ISIS Executing Dozens in Mosul as Iraqi Troops Continue Street Battles in City

Iraqi soldiers battling in Mosul
Soldiers from the Iraqi Special Forces 2nd division prepare to engage ISIS fighters, Mosul, November 11. The U.N. said ISIS is executing citizens of Mosul suspected of "treason" or the leaking of information. Odd Andersen/AFP/Getty

The Islamic State militant group (ISIS) is executing dozens of people inside the northern Iraqi city of Mosul for reasons ranging from alleged treason to the leaking of information, the United Nations said Friday.

ISIS shot dead more than 60 people this week, hanging some of their bodies from poles in the city after suspecting that some had colluded with Iraqi troops, the U.N. human rights office said in a statement.

"On Tuesday, ISIL reportedly shot and killed 40 civilians in Mosul city after accusing them of 'treason and collaboration,'" rights office spokeswoman Ravina Shamdasani said, using an acronym for the group.

She added that on Wednesday the group executed another 20 people at a military base in northern Mosul, accusing them of "leaking information."

The extremist group's brutal brand of radical Islam dictates that those working against it and its aim of developing a caliphate for the world's Muslims should be punished by death.

The U.N. said that Iraqi forces had discovered a mass grave in the town of Hammam al-Alil with more than 100 bodies. Shamdasani said it was just one of many such burial sites found.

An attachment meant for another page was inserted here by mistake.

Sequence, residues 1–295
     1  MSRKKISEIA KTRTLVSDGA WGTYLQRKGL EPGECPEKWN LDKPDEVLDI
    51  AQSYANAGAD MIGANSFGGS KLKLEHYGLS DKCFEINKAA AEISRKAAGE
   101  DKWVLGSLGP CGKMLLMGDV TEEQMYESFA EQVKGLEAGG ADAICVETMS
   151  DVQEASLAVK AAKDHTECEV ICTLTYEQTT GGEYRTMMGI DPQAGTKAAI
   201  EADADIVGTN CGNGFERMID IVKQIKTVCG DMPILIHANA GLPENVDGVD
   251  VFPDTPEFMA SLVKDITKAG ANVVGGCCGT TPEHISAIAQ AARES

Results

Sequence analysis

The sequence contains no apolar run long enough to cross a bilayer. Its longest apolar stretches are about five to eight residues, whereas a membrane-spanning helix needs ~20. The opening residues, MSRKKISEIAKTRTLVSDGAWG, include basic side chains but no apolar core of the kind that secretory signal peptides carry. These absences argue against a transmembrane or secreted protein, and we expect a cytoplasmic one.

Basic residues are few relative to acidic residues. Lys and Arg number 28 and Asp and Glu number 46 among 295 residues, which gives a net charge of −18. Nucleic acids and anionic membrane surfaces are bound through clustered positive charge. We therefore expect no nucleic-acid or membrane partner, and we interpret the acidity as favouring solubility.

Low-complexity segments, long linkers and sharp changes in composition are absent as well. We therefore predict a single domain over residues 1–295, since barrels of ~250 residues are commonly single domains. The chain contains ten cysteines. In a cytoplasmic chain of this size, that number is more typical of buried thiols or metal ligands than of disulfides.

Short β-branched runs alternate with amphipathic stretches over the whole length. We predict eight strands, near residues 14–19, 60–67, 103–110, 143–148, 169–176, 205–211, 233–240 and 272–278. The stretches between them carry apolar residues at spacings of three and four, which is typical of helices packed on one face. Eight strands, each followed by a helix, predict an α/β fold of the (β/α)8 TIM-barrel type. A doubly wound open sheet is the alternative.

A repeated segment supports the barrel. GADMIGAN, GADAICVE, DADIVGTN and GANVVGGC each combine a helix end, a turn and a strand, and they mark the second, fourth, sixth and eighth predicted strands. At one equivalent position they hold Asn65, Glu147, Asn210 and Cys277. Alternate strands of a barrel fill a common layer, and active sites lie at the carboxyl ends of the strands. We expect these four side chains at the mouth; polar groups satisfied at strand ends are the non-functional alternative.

"Clearly there are many other killing fields. We also have reports of other mass graves which we haven't yet been able to verify," Shamdasani told reporters, Reuters reported.

The group has used chemical weapons on the battlefield against Kurdish forces in Syria and Iraq, but the U.N. said the group was now stockpiling dangerous chemicals in civilian areas, as well as using "phosphor projectiles" against Iraqi forces in Qayyara, a town close to Mosul.

"Similar credible reports in Mosul state that they have placed sulfur pits in close proximity to civilians," she said.

The campaign to defeat the group in Mosul, the largest city that it has captured to date, is now four weeks old, and Iraqi special forces have only secured territory on the city's eastern edge. A coalition of Iraqi security forces, Kurdish peshmerga, Sunni tribesmen and Shiite militias is battling the group on all sides of the city as Iraqi Prime Minister Haider al-Abadi seeks to achieve his pledge of defeating the group in the country by the end of the year.